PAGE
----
Isaac is a senior at Union College. He was born in Calcutta, India and moved to the United States when he was a year old. In his free time he enjoys being outdoors cycling and adventuring. The clock finally clicked down to double zero and the game was over. My dad’s basketball team had just won the final game of a long-weekend tournament in Seattle. He came over to the sidelines and took me out on the court with him and his other teammates to celebrate and take pictures.

I was used to this scenario. Not to brag, but dad is definitely a champion. In my mind’s eye, he’s unstoppable. Whether on the court on weekends or on the many church boards he was a part of, he always made a full effort and taught me the power of a good name. He also taught me the importance of a well-knit family. Everywhere I went people knew my dad and spoke highly of him and were proud to be his friend.

The church also forms part of this support network, without which success and optimism cannot be reached. We should support all who have special needs and give them opportunities."


What I haven’t told you is that my dad is disabled. Dad is in a wheelchair. A bullet shot in the middle of a fire fight in Vietnam bruised his spinal cord. He has been in a wheelchair since 1969.

Dad made every effort to be involved in his community and didn’t let a physical disability hinder that. This desire to be a part of the community helped my siblings and me to never gain a negative view of disability. We learned by example. My constant exposure to hospitals and Dad’s wheelchair basketball league taught me a lot about people with disabilities. Each has a unique story. They each have unique struggles, but what I found from those who were successful was that a great attitude and a great support network made all the difference. My parents went out of their way to support each other in their endeavors.  

I’ve learned that the family is the go-to, the biggest part of the network. They’re there to do what needs to be done in both the good and bad times. The church also forms part of this support network, without which success and optimism cannot be reached. We should support all who have special needs and give them opportunities. Also, we need to support the family that is supporting the person. It’s a two-faceted thing: the individual and the family need different types of support, but both are vital.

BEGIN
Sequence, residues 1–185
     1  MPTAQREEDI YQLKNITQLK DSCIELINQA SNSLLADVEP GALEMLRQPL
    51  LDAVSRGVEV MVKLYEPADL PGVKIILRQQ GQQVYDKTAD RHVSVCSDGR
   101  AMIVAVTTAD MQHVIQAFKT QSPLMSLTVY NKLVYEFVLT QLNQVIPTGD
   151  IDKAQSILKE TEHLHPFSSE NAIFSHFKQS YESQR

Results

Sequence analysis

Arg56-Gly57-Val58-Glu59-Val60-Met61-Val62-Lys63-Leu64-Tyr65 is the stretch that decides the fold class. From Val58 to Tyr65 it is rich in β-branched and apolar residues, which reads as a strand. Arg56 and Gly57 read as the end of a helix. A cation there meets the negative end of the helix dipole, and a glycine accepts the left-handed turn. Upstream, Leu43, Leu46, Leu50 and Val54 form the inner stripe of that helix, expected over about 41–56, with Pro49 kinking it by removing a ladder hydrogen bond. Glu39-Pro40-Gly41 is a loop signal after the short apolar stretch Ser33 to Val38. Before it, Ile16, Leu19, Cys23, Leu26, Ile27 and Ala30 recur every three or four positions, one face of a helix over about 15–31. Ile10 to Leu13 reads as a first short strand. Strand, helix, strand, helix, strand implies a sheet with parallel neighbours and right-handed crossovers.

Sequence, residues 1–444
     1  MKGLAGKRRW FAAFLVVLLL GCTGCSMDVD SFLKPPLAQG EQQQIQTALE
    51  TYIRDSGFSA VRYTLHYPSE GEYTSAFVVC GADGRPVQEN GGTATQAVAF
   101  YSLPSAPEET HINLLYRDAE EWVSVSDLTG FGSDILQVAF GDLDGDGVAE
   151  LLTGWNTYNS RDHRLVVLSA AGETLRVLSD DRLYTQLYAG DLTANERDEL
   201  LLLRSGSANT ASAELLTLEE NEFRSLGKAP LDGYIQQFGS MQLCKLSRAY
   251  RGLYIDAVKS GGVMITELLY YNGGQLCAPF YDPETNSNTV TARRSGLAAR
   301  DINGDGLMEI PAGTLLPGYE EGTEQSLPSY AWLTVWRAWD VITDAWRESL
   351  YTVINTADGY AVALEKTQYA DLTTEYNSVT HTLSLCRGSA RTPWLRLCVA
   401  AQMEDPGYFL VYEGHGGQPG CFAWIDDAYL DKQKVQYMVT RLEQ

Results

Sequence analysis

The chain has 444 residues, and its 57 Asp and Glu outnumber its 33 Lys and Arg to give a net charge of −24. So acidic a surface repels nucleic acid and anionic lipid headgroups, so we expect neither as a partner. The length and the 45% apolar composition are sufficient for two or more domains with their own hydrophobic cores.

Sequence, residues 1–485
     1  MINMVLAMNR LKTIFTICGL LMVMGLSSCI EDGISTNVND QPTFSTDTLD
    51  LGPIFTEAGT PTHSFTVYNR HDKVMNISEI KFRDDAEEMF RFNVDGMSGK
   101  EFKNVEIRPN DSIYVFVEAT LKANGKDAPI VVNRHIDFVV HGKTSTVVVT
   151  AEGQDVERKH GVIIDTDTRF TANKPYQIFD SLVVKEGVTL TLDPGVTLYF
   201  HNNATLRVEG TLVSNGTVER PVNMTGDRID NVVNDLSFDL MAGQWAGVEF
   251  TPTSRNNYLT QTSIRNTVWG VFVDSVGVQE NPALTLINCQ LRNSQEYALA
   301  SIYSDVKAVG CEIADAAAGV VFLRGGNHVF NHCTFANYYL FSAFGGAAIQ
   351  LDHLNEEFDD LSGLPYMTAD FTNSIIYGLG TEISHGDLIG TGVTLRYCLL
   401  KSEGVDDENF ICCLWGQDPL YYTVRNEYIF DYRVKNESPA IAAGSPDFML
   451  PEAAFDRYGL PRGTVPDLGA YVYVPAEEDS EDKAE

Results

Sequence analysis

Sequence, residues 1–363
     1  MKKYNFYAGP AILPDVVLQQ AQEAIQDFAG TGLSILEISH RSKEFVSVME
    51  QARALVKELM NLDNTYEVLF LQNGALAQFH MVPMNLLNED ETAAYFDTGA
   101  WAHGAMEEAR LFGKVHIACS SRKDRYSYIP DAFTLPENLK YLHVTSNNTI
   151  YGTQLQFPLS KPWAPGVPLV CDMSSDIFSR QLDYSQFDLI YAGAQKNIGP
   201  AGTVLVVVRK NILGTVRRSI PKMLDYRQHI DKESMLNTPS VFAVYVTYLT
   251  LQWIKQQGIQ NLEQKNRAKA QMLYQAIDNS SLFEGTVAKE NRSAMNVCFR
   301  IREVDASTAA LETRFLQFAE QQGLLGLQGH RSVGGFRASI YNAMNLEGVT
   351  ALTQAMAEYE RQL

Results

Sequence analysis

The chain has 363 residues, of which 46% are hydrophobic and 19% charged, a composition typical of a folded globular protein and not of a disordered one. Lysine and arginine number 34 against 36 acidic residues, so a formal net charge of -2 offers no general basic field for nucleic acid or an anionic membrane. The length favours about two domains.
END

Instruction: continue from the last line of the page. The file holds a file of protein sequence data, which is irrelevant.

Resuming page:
Sometimes we didn’t always feel welcome when visiting other churches, but in reality those members might merely not have known how to act around him. In keeping with the attitude of the “unstoppable,” he usually brushed that off. I’ve never seen something bother him too much. He has always been comfortable with his abilities and the fact that he belongs to a church that gives him the support and the opportunity to be successful.

My Hero

Mom received weird looks ever so often, and people questioning why she married my father, but I’m not aware of any outright discrimination aimed at her. She treats Dad like he was a normal person. Growing up, dad’s wheelchair never factored in. She made sure we knew and respected him as the head of the family.

He’s my dad–first and last. From support to advice, he goes out of his way to give me the best opportunities available.

We all face disability in many forms every day: poverty, illiteracy, mental and physical disabilities. Church members don’t always know how to act around people with these challenges. Jesus’ ministry provides the greatest example of how to act around them and why our church should care about them. He always reached out to those with the many disabilities and looked past their disabilities and into their character, drawing them to Him, and in turn, putting them on a path to success.   Random thought...Who is my family?